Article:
Bird names

To: 'michael hunter' <>, "" <>
Subject: Bird names
From: Mike Carter <>
Date: Fri, 21 Apr 2017 03:51:06 +0000
Michael, are you sure you're right about this? What is the publication date for 
the 'Birds of the World' that you are using? Lynx is strongly tied to BirdLife 
International who produce their own taxonomy often different and more 
conservative than that of the IOC (international Ornithological Congress).


Mike Carter, 03 5977 1262
181/160 Mornington-Tyabb Road
Mornington, VIC 3931, Australia  

-----Original Message-----
From: Birding-Aus  On Behalf Of 
michael hunter
Sent: 21 April 2017 12:07 PM
Subject: Bird names

Hi All.

         Following the Pitta name change posting I have been delving into 
Lynx’s “Birds of the World” in which the current IOC taxonomy is used.

         These are a quite fantastic two volumes, particularly for those bird 
when the travelling around the world. For instance we twitched the Big Island 
of Hawaii recently,( in conjunction with a Conference of course). The available 
books on Hawaiian birds are OK, but  for an overview with pictures of the 
surviving and extinct species and their distribution,  BotW  puts everything 
into place.

        The big revelation for out of touch  Australian twitchers like us is 
the number of new Australian species created over the past few years.  We 
thought that we had seen them all except the NP and Princess Parrot, but now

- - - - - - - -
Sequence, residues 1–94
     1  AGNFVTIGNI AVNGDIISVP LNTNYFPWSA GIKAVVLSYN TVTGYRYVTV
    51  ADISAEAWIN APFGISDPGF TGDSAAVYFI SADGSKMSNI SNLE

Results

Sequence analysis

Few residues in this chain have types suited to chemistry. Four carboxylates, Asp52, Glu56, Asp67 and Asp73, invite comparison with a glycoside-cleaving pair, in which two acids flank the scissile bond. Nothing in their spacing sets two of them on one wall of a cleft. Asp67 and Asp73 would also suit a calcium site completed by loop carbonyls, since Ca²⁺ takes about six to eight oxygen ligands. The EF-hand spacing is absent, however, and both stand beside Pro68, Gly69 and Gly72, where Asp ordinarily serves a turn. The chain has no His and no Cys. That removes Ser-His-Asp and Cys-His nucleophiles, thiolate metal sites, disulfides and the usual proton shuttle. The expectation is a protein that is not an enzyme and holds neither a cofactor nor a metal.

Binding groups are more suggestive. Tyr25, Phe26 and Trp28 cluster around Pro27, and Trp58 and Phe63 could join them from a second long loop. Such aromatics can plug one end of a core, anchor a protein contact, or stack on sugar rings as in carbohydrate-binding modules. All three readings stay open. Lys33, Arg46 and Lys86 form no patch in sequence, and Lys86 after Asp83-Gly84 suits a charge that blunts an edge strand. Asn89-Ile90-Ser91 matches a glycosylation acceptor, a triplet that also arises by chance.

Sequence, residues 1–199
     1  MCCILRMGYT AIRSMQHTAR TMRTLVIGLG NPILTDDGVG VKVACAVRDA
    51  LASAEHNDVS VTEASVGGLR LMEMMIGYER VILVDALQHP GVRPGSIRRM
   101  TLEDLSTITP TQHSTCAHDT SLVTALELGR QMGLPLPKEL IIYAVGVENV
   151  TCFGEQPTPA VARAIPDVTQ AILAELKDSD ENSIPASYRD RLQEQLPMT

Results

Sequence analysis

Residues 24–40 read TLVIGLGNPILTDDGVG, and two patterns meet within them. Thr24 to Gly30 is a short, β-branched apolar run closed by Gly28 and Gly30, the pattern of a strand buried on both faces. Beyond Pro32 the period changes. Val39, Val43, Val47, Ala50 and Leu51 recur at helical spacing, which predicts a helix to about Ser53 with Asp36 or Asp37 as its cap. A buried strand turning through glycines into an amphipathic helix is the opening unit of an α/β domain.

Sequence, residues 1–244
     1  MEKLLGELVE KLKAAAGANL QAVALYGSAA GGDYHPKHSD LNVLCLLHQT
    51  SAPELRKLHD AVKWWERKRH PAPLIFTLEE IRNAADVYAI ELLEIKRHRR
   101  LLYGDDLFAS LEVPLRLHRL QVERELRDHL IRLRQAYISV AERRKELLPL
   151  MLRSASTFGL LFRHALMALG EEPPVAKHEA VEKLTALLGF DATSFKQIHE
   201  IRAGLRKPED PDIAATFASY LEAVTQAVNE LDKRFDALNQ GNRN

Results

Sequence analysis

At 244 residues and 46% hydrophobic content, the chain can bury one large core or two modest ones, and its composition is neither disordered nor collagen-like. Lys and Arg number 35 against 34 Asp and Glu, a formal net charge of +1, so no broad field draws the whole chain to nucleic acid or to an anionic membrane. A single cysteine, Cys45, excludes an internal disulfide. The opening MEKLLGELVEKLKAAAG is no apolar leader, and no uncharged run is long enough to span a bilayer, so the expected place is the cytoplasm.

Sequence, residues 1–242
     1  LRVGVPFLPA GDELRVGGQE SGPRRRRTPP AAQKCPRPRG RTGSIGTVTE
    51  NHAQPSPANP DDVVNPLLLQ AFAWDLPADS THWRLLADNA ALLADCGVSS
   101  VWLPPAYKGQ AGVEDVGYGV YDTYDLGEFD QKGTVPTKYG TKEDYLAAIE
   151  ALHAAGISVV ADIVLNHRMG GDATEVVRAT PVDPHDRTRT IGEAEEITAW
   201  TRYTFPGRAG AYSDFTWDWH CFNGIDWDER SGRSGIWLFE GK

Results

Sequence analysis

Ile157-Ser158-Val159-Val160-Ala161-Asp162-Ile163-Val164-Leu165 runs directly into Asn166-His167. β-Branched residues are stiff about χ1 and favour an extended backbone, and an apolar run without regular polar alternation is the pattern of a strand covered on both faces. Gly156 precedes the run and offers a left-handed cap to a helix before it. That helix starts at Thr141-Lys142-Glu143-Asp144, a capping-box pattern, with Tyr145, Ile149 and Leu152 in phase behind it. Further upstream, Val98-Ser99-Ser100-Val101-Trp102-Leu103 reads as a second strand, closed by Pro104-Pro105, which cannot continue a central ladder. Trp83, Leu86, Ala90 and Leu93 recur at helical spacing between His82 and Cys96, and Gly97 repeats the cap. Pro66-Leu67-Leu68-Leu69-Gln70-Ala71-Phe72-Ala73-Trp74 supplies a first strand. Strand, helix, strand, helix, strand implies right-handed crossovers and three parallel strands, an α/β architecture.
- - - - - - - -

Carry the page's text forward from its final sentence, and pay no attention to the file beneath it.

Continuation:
have to circumnavigate  Australia again to mop up  what were once subspecies 
but now fully fledged species, possibly up to a dozen or more. ( Any excuse.)

       Have not looked at the new Birds of Australia yet, will be interested to 
see their take on the new species.

       The BotW  definition of “species” is explained in the fine print forward 
of (vol 2)  Birds of the World.  Although ultimately based on molecular 
studies, (which themselves are subject to variable interpretation), todays 
species seem to be defined as any discrete geographic population, with even 
minimal morphological differences, until proved otherwise.

        Australia’s one time Red-breasted Pitta, now Papuan Pitta , ssp 
digglesei, is apparently so close to the ssp on the adjacent mainland New 
Guinea, from where it is a seasonal migrant, that its subspecies status is 
suspect and subject to further scrutiny.   Digglesei may disappear.

                                         Cheers   Michael



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